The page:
Saturday, December 22, 2018

2018 In Review

Everything you do, be it great or small, is but one-eighth of the problem, whereas to keep one’s state of mind undisturbed even if thereby one should fail to accomplish the task, is the other seven eighths. 

—St. Abba Dorotheus (sixth century), quoted in E. Kadloubovsky and G. E. H. Palmer, Early Fathers from Philokalia




Facebook depresses me because everyone's life looks better than mine. I don't want to contribute to that problem by presenting a choreographed product here. You don't want to read about my heroic struggle to clear the drain in the dishwasher, but that's the kind of excitement that fills my days. At any hour of any day, you're likely to find all three of us working. That's mostly what we do. It's not a bad life, I have no complaints about it. I only mention this to avoid misleading by omission.

Max took his first training flight in an airplane on his birthday. He liked airplanes from birth. At preschool, when asked what he wanted to be when he grew up, he said, "A airplane! Wiff ten engines!"

He studied photography at his high school, and made this ad. I like the composition, but Max only says, "Yeah, I calculated you could land a plane on this street, given the right conditions."

Misa continued to make and sell jewelry, handbags and scarves at her store, LoveMisaStyle

Work continues on my Eternal Picture. Right now I'm working out some problem areas off the main canvas. We'll see how far I get in 2019.

A Buddhist shrine enclosure hangs on the wall in my office. Elaborate rules dictate what to place inside and how this sacred space is cared for. Naturally, I ignore every one of the rules and do what I want with it.

Today I placed photographs of women who taught me important lessons. The photographs were taken over a period of one hundred years. When I stepped back and looked at them, I noticed every head was slightly tilted in the same way, and each girl beamed the same delicate smile. 

Each face connects to the others, to this Earth, to the passing of time, and to me. There it is, the horizontal arc, the wider pattern we swim in. Like the curve of our planet's surface, the arc is always there, but we catch a glimpse only a few times in life. 

Music this year comes from a Canadian singer, Ken Lavigne, who deserves more attention.

SoCal decorations, courtesy of Dr. Seuss

Tuesday, December 12, 2017

2017 In Review


"Months passed, months of extreme caution, dull and silent."
         —Louis-Ferdinand CĂ©line, Journey to the End of the Night

Hello again,

In 2008, when we lived near Ocean Beach in San Francisco, I made a short YouTube video with typical scenes from our days together. In 2017 I made a new movie about our current life in Carmel Valley, San Diego. Some things have changed dramatically; others not so much.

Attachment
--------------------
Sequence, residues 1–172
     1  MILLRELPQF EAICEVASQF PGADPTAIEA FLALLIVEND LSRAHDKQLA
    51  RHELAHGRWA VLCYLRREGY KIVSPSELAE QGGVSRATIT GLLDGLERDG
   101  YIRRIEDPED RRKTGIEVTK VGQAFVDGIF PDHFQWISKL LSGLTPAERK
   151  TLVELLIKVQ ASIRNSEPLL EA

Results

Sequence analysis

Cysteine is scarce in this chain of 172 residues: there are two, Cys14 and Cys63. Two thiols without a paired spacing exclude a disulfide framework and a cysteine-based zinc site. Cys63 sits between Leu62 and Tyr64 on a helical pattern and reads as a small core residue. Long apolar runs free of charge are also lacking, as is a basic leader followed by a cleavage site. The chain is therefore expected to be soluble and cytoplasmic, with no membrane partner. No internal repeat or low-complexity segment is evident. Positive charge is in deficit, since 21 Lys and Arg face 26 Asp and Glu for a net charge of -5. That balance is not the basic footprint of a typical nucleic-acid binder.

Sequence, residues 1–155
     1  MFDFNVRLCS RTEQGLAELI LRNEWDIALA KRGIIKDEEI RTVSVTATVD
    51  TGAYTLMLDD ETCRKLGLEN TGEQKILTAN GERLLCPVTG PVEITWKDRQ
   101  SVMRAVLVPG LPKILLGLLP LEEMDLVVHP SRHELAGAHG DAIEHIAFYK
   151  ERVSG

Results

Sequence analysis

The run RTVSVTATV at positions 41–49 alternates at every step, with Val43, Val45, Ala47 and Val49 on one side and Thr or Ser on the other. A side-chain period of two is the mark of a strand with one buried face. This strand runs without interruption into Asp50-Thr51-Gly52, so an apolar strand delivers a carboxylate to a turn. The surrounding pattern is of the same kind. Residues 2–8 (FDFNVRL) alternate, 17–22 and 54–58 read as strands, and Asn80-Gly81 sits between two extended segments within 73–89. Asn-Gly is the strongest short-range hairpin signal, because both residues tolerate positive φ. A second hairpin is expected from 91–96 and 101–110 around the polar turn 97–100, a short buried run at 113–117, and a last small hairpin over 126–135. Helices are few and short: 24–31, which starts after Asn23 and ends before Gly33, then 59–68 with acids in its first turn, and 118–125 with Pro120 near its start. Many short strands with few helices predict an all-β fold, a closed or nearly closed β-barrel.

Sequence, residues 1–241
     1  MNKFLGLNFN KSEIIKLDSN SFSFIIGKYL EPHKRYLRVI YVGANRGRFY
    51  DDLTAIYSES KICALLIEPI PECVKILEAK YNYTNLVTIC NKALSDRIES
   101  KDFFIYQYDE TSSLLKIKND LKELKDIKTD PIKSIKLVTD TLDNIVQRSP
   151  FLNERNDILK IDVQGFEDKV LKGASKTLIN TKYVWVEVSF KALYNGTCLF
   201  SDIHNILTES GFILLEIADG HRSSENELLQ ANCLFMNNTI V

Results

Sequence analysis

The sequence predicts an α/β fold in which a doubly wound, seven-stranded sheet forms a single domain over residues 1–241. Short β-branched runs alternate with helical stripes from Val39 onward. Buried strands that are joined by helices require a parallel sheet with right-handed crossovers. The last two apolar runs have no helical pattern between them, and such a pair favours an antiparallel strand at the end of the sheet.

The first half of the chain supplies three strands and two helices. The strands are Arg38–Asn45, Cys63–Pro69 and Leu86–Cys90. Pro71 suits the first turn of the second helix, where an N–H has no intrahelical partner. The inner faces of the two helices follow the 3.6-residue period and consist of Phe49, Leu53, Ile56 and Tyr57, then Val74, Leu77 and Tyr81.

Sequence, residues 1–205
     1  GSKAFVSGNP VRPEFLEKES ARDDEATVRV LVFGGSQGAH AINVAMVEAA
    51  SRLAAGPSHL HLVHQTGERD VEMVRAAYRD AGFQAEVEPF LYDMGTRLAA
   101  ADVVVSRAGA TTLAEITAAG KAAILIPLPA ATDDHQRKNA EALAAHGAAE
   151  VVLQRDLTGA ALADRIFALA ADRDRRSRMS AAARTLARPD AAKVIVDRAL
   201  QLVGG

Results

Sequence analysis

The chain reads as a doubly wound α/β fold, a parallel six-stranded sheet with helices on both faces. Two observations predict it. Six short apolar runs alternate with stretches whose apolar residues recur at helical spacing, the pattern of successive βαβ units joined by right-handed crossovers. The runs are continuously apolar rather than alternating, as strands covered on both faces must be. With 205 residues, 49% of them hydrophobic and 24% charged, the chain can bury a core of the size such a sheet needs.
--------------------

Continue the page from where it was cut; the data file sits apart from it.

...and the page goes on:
Here's the original, wherein you can see a smaller boy and younger parents:

In 2017 we broke up our routine by spending two weeks in San Francisco in summer, through the generosity of friends. 

Max rode across the Golden Gate Bridge for lunch in Sausalito.

I got to walk the Lincoln Park Trail, where I'd climbed and painted many days in the last century.

Max visited the San Francisco Zoo, near our old house, and rode the puffer train again. His cousin Daniel Duke joined us.

We drove through California, which is always interesting for me, no matter which route we take. I came here from Texas thirty years ago, and never get tired of just looking around.

Music to share this year:

Please comment or email. Let us know about your year. Until next time, enjoy every minute. This exquisite light won't last.

Sunday, December 25, 2016

2016 In Review

“Christmas will soon be here, Svevo,” she said. “Say a prayer. Ask God to make it a happy Christmas.”

Music this year:

This part of life is almost monastic. I get up every day at 3:45AM, meditate, then cook breakfast. While cooking, my iPad reads the current book into my headphones. In a normal day, I only get scraps of minutes for reading, so the machine helps me make steady progress. Here are some passages from books I read this year:

I can’t believe how real life never lets you down. I can’t understand why anyone would write fiction when what actually happens is so amazing.

So decide now that you are worthy of living as a full-grown man who is making progress, and make everything that seems best be a law that you cannot go against. And if you meet with any hardship or anything pleasant or reputable or disreputable, then remember that the contest is now and the Olympic games are now and you cannot put things off any more and that your progress is made or destroyed by a single day and a single action.